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The Equivalence Of Evolutionary Games And Distributed Monte Carlo Learning

  • Sasaki, Yuya
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    This paper presents a tight relationship between evolutionary game theory and distributed intelligence models. After reviewing some existing theories of replicator dynamics and distributed Monte Carlo learning, we make formulations and proofs of the equivalence between these two models. The relationship will be revealed not only from a theoretical viewpoint, but also by experimental simulations of the models by taking a simple symmetric zero-sum game as an example. As a consequence, it will be verified that seemingly chaotic macro dynamics generated by distributed micro-decisions can be explained with theoretical models.

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    File URL: http://purl.umn.edu/28338
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    Paper provided by Utah State University, Economics Department in its series Economics Research Institute, ERI Series with number 28338.

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    Date of creation: 2004
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    Handle: RePEc:ags:usuese:28338
    Contact details of provider: Web page: http://www.econ.usu.edu/
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    1. Holland, John H & Miller, John H, 1991. "Artificial Adaptive Agents in Economic Theory," American Economic Review, American Economic Association, vol. 81(2), pages 365-71, May.
    2. Drew Fudenberg & David K. Levine, 1998. "Learning in Games," Levine's Working Paper Archive 2222, David K. Levine.
    3. Cabrales, Antonio & Sobel, Joel, 1992. "On the limit points of discrete selection dynamics," Journal of Economic Theory, Elsevier, vol. 57(2), pages 407-419, August.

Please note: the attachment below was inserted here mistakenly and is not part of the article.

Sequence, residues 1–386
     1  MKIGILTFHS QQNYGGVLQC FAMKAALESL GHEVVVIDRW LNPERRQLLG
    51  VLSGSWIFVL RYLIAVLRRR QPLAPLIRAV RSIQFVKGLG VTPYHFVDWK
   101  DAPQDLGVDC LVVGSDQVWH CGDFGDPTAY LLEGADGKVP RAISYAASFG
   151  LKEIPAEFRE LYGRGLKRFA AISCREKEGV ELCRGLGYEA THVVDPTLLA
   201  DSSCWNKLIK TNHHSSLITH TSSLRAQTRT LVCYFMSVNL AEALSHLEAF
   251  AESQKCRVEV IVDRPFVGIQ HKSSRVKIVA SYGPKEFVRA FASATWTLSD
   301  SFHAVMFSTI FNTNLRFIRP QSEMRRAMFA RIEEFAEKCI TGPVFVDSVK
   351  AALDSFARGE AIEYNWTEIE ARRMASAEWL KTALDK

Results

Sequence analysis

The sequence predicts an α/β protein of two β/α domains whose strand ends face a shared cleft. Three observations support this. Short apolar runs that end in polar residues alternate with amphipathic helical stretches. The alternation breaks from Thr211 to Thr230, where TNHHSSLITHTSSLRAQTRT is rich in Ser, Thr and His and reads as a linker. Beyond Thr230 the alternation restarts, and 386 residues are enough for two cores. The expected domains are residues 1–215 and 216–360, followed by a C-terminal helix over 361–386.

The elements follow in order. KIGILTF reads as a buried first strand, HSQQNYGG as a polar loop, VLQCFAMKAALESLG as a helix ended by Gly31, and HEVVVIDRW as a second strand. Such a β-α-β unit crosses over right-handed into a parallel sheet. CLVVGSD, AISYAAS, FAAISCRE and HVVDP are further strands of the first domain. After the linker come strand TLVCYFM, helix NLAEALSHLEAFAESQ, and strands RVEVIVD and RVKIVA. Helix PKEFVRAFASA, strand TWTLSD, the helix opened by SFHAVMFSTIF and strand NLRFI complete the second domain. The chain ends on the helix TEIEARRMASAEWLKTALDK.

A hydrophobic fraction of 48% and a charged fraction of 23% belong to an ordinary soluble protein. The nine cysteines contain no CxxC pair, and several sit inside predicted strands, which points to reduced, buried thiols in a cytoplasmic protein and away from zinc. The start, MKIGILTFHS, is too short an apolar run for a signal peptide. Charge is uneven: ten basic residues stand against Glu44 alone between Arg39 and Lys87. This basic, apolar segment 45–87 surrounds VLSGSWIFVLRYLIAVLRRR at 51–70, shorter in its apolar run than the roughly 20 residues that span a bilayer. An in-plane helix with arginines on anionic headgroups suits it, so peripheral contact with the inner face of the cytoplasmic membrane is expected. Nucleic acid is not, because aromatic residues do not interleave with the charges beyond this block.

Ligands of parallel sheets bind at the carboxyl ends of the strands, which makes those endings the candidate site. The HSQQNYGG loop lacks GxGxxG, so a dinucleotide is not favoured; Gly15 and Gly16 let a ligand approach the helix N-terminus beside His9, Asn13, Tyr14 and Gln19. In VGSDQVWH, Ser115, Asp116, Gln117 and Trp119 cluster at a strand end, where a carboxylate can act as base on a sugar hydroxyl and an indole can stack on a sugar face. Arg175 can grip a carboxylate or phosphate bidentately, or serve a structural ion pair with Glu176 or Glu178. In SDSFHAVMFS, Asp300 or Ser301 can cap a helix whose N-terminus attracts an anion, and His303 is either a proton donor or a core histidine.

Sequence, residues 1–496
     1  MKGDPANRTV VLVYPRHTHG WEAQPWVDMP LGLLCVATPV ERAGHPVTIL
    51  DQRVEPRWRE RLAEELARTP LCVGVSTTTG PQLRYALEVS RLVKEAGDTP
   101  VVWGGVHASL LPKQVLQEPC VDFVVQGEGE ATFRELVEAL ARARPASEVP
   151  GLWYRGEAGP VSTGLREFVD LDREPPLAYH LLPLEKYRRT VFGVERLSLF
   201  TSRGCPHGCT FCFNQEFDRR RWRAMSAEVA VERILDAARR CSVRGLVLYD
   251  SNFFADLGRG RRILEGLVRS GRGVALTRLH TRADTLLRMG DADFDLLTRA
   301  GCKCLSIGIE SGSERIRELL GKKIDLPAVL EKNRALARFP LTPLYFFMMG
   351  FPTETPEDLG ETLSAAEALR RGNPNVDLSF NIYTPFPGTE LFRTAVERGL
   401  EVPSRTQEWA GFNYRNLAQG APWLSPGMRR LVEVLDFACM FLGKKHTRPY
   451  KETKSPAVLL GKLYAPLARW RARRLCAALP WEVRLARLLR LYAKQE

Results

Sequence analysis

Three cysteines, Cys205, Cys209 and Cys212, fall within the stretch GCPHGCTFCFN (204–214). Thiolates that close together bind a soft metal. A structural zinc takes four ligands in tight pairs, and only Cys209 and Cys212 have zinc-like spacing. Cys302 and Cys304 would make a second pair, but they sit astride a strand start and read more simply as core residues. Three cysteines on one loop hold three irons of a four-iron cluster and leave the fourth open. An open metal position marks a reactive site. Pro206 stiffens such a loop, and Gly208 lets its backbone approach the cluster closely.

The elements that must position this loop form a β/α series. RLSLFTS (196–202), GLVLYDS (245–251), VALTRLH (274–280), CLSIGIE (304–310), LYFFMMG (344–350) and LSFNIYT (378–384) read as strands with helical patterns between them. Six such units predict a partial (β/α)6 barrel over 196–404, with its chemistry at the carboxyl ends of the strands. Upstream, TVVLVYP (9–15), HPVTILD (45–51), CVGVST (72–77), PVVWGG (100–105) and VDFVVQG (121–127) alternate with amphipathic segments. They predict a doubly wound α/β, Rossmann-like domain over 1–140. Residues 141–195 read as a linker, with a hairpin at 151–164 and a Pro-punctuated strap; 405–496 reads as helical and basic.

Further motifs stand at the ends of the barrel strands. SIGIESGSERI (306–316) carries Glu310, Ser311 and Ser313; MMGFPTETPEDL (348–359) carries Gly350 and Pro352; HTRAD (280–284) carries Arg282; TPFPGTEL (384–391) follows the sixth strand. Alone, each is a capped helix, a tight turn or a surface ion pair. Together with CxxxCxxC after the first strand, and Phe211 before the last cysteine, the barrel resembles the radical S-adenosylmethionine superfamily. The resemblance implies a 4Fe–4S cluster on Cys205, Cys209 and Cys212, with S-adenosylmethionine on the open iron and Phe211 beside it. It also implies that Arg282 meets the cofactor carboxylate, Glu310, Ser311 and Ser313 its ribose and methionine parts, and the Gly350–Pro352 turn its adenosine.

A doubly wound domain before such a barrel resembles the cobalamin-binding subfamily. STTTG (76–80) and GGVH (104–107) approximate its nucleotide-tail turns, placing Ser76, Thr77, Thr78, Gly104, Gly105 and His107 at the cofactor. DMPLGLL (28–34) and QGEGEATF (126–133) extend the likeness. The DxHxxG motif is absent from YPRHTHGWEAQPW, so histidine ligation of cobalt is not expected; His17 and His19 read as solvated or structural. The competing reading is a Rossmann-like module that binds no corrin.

4. J. Swinkels, 2010. "Adjustment Dynamics and Rational Play in Games," Levine's Working Paper Archive 456, David K. Levine.
    5. Daniel Friedman, 1998. "On economic applications of evolutionary game theory," Journal of Evolutionary Economics, Springer, vol. 8(1), pages 15-43.
    6. Samuelson, L. & Zhang, J., 1991. "Evolutionary Stability in Asymmetric Games," Papers 9132, Tilburg - Center for Economic Research.
    7. Leigh Tesfatsion, 2000. "Agent-Based Computational Economics: A Brief Guide to the Literature," Computational Economics 0004001, EconWPA.
    8. Dekel, Eddie & Scotchmer, Suzanne, 1992. "On the evolution of optimizing behavior," Journal of Economic Theory, Elsevier, vol. 57(2), pages 392-406, August.
    9. Giovanni Dosi & Luigi Marengo & Giorgio Fagiolo, 2003. "Learning in Evolutionary Environments," LEM Papers Series 2003/20, Laboratory of Economics and Management (LEM), Sant'Anna School of Advanced Studies, Pisa, Italy.
    10. Kandori, Michihiro & Mailath, George J & Rob, Rafael, 1993. "Learning, Mutation, and Long Run Equilibria in Games," Econometrica, Econometric Society, vol. 61(1), pages 29-56, January.
    11. Samuelson, Larry & Zhang, Jianbo, 1992. "Evolutionary stability in asymmetric games," Journal of Economic Theory, Elsevier, vol. 57(2), pages 363-391, August.
    12. Leigh Tesfatsion, 2002. "Agent-Based Computational Economics," Computational Economics 0203001, EconWPA, revised 15 Aug 2002.
    13. Arthur, W Brian, 1993. "On Designing Economic Agents That Behave Like Human Agents," Journal of Evolutionary Economics, Springer, vol. 3(1), pages 1-22, February.
    14. Friedman, Daniel, 1991. "Evolutionary Games in Economics," Econometrica, Econometric Society, vol. 59(3), pages 637-66, May.
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